Category: Independent Commentary
Recent Independent Commentary
The election of 12 new senators was proclaimed on May 22 by the Philippines electoral commission (COMELEC) following mid-term elections on May 13. All were from the grouping endorsed by authoritarian President Rodrigo Duterte.
Duterte is best known internationally for his “war on drugs”. In reality this is a warread now
We’ve picked out the most interesting (and confusing) parts of Morrison’s appointments.
The post What to watch for in Scott Morrison’s new ministry appeared first on Crikey.read now
The debate about the reasons for the result of election 2019 covers many issues including the coherence or otherwise of the Labor strategy. For social democrats, a key question is where to now. Third way thinking about wealth generation before redistribution threatens a return. A stronger social democratic response willread now
More Independent Commentary
Australia’s vote in the UN on the Diego Garcia issue suggests there will be no change in our Government’s approach to foreign policy.
One of the messages coming out of the elections is that Australian voters don’t like complex policies that they find hard to understand and the other isread now
With his political death, Tony Abbott achieved something he had never managed or even attempted in his political life: bipartisanship.
Only at the fringes was there wailing and gnashing of teeth. For the extreme right, their Captain Catholic will forever be their martyred saint, treacherously brought down by the Turnbullread now
In his 2014 book Dangerous Allies, Malcolm Fraser issued Australians with a timely warning. He pointed out that the America with which Australia had signed the ANZUS treaty way back in 1951 is a very different country to the “great and powerful friend” we imagined it to be atread now
The ostrich buries its head in the sand in the belief that what it can’t see isn’t there; won’t harm it. If perception is everything, the Ostrich has a point. But it isn’t and, the wilful exclusion from our recent election campaign of any debate about Australian foreign policy, especiallyread now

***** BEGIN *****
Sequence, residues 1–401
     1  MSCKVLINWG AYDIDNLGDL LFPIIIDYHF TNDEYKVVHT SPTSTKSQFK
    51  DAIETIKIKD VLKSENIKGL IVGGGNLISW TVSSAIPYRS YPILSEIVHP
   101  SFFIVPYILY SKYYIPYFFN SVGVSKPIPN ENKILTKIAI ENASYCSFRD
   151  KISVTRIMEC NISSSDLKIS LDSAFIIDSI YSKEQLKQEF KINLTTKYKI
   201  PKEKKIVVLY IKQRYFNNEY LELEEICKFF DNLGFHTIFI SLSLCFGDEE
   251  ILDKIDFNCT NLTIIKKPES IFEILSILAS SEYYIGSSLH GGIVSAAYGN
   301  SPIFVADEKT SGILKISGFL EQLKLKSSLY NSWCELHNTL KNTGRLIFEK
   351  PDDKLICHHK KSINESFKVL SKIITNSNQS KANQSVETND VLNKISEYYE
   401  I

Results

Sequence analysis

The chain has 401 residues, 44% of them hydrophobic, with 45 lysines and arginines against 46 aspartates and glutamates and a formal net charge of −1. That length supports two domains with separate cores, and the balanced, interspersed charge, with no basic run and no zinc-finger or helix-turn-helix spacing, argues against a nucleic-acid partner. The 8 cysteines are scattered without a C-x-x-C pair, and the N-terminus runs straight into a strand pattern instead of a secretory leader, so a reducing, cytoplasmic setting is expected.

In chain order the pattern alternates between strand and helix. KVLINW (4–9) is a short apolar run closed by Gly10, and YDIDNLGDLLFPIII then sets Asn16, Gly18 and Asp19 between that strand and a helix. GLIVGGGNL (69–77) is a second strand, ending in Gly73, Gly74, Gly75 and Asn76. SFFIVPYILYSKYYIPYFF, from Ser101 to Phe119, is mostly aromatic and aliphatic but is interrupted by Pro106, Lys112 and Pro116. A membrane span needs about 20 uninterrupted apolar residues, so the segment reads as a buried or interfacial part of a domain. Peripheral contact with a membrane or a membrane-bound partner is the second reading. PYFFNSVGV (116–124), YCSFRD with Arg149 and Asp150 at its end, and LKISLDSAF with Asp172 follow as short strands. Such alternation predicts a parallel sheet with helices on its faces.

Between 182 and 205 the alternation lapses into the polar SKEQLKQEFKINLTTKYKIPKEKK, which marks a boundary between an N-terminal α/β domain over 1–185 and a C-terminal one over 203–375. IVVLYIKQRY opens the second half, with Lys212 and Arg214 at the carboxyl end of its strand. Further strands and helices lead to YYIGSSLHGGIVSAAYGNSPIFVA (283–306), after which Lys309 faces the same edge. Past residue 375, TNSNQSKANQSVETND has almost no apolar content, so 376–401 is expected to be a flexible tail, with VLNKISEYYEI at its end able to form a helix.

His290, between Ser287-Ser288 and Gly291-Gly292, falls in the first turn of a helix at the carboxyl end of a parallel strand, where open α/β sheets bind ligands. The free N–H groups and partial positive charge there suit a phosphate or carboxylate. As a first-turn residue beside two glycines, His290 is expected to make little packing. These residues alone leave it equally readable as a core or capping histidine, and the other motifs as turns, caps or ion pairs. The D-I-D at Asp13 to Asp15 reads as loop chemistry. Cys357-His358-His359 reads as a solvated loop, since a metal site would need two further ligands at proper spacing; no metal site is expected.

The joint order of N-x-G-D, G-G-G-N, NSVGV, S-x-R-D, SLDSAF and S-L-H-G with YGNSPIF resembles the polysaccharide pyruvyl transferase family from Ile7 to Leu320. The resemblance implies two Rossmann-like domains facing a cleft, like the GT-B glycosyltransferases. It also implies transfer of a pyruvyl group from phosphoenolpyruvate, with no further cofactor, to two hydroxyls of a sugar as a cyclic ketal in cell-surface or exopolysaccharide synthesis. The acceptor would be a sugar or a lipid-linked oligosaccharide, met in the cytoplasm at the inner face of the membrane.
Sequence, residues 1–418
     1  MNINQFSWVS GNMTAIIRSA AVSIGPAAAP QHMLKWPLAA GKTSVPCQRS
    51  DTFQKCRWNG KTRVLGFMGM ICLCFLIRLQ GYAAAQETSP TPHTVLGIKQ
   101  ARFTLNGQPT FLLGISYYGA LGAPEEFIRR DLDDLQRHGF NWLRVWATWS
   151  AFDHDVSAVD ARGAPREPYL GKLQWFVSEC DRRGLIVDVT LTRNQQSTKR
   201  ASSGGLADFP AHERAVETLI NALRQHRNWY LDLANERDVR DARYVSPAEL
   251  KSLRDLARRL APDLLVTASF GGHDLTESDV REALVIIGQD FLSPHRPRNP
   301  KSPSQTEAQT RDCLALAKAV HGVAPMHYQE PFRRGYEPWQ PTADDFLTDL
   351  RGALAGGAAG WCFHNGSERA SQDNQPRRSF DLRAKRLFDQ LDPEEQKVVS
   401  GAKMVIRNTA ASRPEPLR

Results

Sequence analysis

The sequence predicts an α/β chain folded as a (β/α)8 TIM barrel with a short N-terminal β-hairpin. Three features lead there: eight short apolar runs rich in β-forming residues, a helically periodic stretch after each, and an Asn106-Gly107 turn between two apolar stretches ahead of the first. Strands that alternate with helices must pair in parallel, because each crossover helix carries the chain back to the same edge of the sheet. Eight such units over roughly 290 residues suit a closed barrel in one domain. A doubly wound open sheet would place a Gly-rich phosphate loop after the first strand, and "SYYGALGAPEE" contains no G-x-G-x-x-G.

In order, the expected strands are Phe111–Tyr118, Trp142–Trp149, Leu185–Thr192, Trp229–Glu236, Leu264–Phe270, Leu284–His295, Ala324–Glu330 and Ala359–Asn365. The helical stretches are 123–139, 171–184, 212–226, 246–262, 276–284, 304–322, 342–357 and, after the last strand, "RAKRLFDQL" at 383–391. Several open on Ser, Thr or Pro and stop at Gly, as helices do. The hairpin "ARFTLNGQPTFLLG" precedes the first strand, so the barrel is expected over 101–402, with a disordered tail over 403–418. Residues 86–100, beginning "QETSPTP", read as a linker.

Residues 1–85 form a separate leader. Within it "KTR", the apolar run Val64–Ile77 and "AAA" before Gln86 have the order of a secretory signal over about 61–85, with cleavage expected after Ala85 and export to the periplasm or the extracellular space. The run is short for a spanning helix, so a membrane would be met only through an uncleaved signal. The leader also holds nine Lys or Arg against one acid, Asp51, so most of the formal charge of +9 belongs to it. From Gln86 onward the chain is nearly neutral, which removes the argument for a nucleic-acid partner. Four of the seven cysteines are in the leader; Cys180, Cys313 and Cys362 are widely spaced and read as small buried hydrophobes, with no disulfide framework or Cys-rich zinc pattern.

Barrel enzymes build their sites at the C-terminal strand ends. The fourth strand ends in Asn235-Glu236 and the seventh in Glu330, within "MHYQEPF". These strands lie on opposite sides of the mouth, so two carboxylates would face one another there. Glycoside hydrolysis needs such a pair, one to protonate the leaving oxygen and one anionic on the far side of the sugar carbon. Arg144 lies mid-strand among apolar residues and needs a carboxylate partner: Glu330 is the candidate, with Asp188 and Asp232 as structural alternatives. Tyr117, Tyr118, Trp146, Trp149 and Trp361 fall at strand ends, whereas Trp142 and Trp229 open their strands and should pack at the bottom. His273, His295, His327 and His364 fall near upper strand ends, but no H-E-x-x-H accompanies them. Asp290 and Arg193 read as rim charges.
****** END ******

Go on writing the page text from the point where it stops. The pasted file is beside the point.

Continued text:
Labor went into the recent election with a comprehensive economic plan. Many commentators have blamed Labor’s election loss on this plan, and its support for modest redistribution, thus raising the question of where does Labor go from here?…Labor needs to sell the message that redistribution is essential to sustainread now
State government investment in public housing has fallen, and Victoria and NSW are underperforming compared to small states.
The post Victoria’s public housing investment is bleak and getting worse appearedread now
Global trends point towards increased surveillance and censorship. Australia is no different.
The post Browsing the Coalition’s history on digital rights appeared first on Crikey.read now
The Conservatives won the recent election in Australia largely because ‘they pushed all the most effective emotional buttons’ ; and had the ‘Power Resources’ to do so most thoroughly. Labor had comprehensive, rational policies in the economic interests of a clear majority of Australians. And yet still Labor lost.
In order toread now
Several political commentators – the ones who failed to hold the government to account and who failed to see where that would lead – have opined that Scott Morrison’s victory will give him the ability to bestow positions on merit, choosing the best person for the job.
Except that’s not howread now